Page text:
Robert Moffat 1795-1883
By Rev Bill McCully
Minister at East Hull Presbyterian Church
This biographical sketch was an address given at the EPCEW Summer Conference for Young People – August 2003
If this was your first thought when you read the title of this article, then you will be in the company of a great many others. Robert Moffat is not a familiar name in this land of ours and, sadder still, is not a name that is recognised by many of God’s people either. Here is a man who served the Lord faithfully for 50 years in the most trying of circumstances – about whom the then prime minister of South Africa, said, “Among missionaries, there was none greater, none holier”.
As the first white man to enter Southern Rhodesia, he was used by God to:
- lay the foundations of the Christian Church in Bechuanaland (now Botswana) and Southern Rhodesia (now Zimbabwe)
- translate the Bible into Sechuana, and
- toil among the horrors of tribal warfare.
We hope this brief account of his life will be enough to give you a desire to read more about him.
Robert was born in the village of Ormiston, to the south East of Edinburgh. He was the eldest of seven children, having four brothers and two sisters. His father worked as a ploughman and gardener. The family may not have had much in the way of material wealth, but they had a treasure that would never fade nor rust – both parents were strong Scottish Calvinists and raised their children in the nurture and admonition of the Lord.
Robert records that his first schoolbook was a copy of the Shorter Catechism to which an alphabet was attached. Once he had mastered the alphabet he went straight into the Catechism.
At age 10 he ran off to sea and made several coastal voyages. To his parents’ relief he returned after two years and spent another short period at school. Leaving school at 13 he was apprenticed to a nursery gardener in Polmont, a position that often required him, even in the bitter cold of a Scottish winter, to be at work at 4 am.
Yet during this time he managed to attend evening classes to learn a little Latin and mensuration (measurement of geometric quantities). Here also he learned to play the violin.
Eventually he moved to Manchester and here the passionate preaching of Methodist preachers touched the emptiness of his soul. “For many weeks I was miserable, I wished that I was converted, but I could not believe that I was. I thought I had the faith required and that I had repented or turned to the Lord and could adopt the words, ‘To whom shall I go but to thee, O Jesus’, but still my soul was like a ship in a tempest”.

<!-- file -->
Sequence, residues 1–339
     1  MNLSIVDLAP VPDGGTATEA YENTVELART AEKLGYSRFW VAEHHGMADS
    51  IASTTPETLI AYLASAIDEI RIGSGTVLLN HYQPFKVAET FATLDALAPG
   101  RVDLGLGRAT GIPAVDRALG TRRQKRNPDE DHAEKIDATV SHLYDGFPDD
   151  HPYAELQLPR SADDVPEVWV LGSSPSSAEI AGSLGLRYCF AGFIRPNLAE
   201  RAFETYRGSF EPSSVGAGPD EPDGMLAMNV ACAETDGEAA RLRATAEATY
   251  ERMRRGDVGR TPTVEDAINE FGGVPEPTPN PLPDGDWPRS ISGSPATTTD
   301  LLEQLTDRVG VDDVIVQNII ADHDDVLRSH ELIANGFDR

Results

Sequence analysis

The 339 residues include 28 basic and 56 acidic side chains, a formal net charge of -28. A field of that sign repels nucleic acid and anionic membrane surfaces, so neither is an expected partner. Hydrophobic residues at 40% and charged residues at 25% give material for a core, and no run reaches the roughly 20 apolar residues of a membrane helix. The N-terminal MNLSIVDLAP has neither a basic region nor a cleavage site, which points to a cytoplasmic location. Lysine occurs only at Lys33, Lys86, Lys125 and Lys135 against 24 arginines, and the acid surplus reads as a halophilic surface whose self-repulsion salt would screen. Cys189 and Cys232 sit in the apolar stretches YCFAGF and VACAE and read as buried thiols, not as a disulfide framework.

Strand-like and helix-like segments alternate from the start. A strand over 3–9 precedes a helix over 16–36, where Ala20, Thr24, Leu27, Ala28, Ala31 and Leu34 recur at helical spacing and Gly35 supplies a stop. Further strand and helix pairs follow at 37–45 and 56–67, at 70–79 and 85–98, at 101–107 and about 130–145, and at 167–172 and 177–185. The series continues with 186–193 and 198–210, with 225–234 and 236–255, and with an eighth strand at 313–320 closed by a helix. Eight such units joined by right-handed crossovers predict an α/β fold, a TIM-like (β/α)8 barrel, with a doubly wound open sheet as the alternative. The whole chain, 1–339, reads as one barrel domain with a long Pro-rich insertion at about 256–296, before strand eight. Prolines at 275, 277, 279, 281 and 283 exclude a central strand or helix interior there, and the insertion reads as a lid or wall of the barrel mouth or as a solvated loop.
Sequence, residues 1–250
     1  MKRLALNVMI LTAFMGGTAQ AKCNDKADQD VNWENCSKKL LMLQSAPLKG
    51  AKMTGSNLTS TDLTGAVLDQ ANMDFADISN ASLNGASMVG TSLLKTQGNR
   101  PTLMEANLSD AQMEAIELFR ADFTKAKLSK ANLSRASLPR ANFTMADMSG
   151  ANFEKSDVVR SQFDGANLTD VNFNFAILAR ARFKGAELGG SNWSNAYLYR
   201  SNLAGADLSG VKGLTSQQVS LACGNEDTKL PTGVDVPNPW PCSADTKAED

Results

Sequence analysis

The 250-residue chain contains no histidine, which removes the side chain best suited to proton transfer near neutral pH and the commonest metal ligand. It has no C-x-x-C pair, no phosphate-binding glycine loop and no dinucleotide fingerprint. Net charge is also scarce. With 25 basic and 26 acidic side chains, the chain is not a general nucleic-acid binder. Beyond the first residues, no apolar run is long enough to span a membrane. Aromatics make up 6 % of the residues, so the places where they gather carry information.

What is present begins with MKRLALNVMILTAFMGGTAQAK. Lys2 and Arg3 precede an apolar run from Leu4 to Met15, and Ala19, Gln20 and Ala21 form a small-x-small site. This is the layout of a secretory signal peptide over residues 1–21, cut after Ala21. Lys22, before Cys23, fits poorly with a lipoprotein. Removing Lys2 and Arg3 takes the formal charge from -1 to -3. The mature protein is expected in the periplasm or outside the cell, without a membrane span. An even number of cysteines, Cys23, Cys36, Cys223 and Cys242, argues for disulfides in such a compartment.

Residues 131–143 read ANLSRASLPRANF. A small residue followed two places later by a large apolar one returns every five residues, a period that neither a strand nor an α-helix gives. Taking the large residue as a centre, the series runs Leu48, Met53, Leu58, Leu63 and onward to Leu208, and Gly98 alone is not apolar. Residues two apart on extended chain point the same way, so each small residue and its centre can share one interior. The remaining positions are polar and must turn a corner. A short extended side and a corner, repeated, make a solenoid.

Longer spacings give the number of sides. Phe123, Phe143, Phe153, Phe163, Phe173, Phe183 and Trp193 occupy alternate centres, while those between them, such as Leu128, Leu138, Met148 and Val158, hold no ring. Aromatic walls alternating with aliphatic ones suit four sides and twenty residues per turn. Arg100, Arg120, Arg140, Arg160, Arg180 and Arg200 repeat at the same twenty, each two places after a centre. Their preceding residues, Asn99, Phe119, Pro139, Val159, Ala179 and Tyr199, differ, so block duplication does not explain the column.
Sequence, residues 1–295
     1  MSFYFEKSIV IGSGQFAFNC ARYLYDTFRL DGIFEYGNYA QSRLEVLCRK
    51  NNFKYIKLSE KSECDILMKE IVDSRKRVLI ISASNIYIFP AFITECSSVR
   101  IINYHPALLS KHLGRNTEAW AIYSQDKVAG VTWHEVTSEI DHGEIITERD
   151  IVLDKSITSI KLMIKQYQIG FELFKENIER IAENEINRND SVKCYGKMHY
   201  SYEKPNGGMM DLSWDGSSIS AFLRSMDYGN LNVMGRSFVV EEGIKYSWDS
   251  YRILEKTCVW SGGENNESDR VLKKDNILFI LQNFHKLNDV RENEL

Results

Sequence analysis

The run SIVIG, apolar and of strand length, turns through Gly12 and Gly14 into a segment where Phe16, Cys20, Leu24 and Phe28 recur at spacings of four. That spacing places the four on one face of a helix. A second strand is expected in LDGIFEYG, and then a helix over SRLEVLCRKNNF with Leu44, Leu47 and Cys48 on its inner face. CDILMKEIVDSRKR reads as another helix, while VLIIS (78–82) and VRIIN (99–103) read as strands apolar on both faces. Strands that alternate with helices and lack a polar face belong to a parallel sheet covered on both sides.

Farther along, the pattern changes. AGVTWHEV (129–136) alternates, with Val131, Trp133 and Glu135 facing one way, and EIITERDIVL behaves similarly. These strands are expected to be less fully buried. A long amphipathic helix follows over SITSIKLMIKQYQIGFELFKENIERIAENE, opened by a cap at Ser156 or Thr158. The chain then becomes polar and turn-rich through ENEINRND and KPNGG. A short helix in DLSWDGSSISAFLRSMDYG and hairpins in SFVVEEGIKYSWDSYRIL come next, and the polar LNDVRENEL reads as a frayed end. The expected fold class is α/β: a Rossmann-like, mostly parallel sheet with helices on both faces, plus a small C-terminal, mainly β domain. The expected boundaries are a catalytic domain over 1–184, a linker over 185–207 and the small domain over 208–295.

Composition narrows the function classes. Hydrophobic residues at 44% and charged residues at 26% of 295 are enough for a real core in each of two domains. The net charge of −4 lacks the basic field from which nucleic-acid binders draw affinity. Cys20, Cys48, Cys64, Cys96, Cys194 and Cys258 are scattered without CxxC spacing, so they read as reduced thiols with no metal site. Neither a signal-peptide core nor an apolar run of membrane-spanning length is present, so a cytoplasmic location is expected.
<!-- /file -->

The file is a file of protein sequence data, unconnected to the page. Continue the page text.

Such was his desire not only to be converted but to know that he was converted that he resolved to be as wicked as he could so that if he was converted he would notice all the better. But the dread of dying in his sins soon put an end to this resolution.
Still, the emptiness of his soul hung heavily upon him, and he applied himself to the reading of Scripture. However, the words he read, far from bringing comfort, brought him greater anxiety. He thrust himself into prayer, but found that a great black cloud was between him and the throne of God.
Throughout all this his desire for salvation grew more desperate and he continued seeking after God in reading and prayer. One evening while reading Romans, the passages that he was so familiar with, appeared so different to him – “Can it be possible that I have never understood what I have been reading? Turning from one passage to the other, each sending a renovation of light into my darkened soul, the book of God, the precious undying Bible, seemed to be laid open, and I saw at once what God had done for the sinner and what was required of the sinner to obtain the divine favour and the assurance of eternal life”.
He was now about 18.
Call to Service
Not long after this on a visit to Warrington, his attention was held by an advertisement for a missionary meeting held by the Rev. William Roby. The advertisement held him fixed to the spot. The time of the meeting was long past and so he continued with his shopping but writes that the man who returned home that night was not the same as the one that had left.
He could not shake the missionary cause that was in his mind. It was a burden on his heart, but who would want him, uneducated as he was?
Soon after this Rev. Roby spoke at a conference in Manchester and Robert was much impressed with him. That evening in his boarding house he overheard someone say that Rev. Roby was known to recommend young men for the mission field, a remark that sank into Roberts heart and led to a night of prayer.